Reading the Rings of Red Pine to Retell Mechanisms of the Historic Fire Regime at Cloquet, Minnesota

Authors: Adam Donaldson*, University of Wisconsin-Platteville, Kyle Gill, University of Minnesota Cloquet Forestry Center, Evan R Larson, University of Wisconsin-Platteville
Topics: Biogeography, Human-Environment Geography, Natural Resources
Keywords: Dendrochronology, Fire Ecology, Fire History, Red Pine, Historical Ecology, Human Geography
Session Type: Paper
Day: 4/12/2018
Start / End Time: 1:20 PM / 3:00 PM
Room: Grand Ballroom C, Astor, 2nd Floor
Presentation File: No File Uploaded


The past dynamics and drivers of fire are critical to telling the story of today' trees and should inform forest management decisions. For this project, we sampled a direct physical record of pre-European settlement forest fire activity at the University of Minnesota’s Cloquet Forestry Center (CFC). Our goal was to create a more spatially and temporally comprehensive understanding of the historical role of fire in the forests of CFC. We sampled 80 fire-scarred red pine stumps, snags, and trees that collectively contained 410 individual fire scars. Tree-ring analysis of these samples produced a fire history spanning the years 1689 to 2017. The record includes 54 distinct fire years with a mean fire return interval (MFRI) of 6 years, with preliminary fire-climate analyses indicating widespread fires occurred during years of regional drought. We analyzed locational information of the fire-scarred samples to determine a coarse estimate of area burned and to explore the spatial dynamics of fire across the relatively contiguous landscape of CFC. Modern fire atlas data for CFC included perimeters of 14 fires that burned during nine fire years from 1910–1932, an MFRI of 3 years. Eleven of these fires were anthropogenic in origin, clearly depicting a recent fire regime influenced by people. Periods of similar fire frequency earlier in the record indicate humans have burned this landscape for centuries. We explored historical maps and records to determine the past proximity of human settlements to the study area and human influences on the historical fire regime of CFC.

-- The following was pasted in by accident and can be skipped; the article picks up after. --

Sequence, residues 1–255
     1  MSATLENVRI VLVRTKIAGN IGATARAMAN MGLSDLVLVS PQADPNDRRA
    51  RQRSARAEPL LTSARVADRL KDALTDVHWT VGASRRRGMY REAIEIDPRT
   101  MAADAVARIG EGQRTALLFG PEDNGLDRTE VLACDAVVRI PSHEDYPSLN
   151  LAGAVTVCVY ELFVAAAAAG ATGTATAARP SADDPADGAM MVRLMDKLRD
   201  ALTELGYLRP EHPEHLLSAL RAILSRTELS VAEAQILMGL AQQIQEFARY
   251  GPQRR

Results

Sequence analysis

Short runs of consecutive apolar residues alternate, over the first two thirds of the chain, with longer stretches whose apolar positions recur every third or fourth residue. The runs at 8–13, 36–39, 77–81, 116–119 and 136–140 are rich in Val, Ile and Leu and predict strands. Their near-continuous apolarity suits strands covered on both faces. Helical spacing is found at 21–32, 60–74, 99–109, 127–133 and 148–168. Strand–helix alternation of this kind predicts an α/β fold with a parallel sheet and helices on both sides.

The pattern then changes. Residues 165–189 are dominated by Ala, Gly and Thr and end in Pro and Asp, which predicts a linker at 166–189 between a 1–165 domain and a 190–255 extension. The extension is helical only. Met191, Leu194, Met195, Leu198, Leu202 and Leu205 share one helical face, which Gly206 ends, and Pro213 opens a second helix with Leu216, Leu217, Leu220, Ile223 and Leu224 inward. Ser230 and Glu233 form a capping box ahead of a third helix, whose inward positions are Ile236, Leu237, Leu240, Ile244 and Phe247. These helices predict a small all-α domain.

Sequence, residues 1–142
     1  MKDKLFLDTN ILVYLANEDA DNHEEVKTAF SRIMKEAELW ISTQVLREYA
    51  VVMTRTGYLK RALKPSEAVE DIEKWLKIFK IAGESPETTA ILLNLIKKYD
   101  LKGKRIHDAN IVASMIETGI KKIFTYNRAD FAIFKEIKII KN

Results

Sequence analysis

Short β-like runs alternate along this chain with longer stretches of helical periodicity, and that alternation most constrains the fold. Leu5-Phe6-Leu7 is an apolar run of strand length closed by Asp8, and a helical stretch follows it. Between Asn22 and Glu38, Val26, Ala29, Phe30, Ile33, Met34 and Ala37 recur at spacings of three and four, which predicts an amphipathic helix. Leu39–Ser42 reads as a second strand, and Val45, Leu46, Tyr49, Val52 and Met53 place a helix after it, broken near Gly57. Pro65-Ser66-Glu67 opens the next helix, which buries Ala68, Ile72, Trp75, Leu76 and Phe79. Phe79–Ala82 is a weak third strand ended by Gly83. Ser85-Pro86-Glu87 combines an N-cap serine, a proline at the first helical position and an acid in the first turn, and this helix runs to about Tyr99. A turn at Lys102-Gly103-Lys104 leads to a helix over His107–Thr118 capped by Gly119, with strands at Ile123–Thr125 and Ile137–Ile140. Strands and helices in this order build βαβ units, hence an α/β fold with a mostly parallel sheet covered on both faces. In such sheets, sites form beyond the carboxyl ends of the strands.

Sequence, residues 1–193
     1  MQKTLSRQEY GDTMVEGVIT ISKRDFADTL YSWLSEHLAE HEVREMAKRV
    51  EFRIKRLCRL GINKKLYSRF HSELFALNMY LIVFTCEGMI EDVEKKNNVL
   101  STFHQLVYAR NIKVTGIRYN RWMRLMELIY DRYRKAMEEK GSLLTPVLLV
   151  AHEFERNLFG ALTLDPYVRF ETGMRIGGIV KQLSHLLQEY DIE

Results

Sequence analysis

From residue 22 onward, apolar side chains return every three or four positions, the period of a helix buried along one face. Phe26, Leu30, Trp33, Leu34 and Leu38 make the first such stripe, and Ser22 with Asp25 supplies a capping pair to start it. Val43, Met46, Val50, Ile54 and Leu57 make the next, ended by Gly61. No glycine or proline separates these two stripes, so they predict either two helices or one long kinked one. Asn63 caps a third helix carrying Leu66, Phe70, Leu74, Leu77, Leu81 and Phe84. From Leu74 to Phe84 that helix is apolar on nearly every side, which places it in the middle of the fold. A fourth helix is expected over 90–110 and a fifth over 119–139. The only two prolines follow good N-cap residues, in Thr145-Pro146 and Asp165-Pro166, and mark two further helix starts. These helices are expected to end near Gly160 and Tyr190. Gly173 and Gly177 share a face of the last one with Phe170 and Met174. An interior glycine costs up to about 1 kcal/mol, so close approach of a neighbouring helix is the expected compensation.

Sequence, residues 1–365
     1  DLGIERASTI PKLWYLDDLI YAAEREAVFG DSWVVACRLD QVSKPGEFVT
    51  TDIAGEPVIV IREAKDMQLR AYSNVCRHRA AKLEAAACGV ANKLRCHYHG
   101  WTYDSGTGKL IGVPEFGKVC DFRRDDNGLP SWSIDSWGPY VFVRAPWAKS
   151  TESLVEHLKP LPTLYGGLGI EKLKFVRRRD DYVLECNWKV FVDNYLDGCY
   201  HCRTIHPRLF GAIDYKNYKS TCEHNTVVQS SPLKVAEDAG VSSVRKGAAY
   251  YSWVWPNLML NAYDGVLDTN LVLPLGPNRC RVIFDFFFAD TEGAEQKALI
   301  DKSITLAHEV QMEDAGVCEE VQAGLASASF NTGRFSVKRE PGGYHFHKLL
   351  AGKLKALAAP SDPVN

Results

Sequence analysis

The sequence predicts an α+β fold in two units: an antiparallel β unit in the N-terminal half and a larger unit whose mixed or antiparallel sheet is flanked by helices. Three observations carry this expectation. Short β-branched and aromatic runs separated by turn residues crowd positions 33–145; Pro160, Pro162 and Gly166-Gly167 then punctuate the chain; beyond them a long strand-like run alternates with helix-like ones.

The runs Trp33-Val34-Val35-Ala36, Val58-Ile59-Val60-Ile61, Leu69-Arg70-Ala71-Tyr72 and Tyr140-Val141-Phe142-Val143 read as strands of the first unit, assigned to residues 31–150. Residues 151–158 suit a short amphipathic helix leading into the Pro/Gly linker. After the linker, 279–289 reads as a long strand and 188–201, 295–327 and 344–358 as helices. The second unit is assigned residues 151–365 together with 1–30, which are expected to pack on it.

Abstract Information

This abstract is already part of a session. View the session here.

To access contact information login